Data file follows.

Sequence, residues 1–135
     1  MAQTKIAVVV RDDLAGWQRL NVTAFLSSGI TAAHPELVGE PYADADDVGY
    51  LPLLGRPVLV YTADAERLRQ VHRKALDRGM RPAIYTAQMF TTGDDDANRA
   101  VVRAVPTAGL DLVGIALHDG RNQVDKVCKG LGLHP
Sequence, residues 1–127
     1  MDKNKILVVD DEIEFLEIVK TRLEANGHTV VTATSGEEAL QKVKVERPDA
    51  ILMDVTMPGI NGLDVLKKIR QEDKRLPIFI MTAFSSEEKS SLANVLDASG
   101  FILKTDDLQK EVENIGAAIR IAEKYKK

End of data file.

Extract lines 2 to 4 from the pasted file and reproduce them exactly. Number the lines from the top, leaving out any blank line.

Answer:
     1  MAQTKIAVVV RDDLAGWQRL NVTAFLSSGI TAAHPELVGE PYADADDVGY
    51  LPLLGRPVLV YTADAERLRQ VHRKALDRGM RPAIYTAQMF TTGDDDANRA
   101  VVRAVPTAGL DLVGIALHDG RNQVDKVCKG LGLHP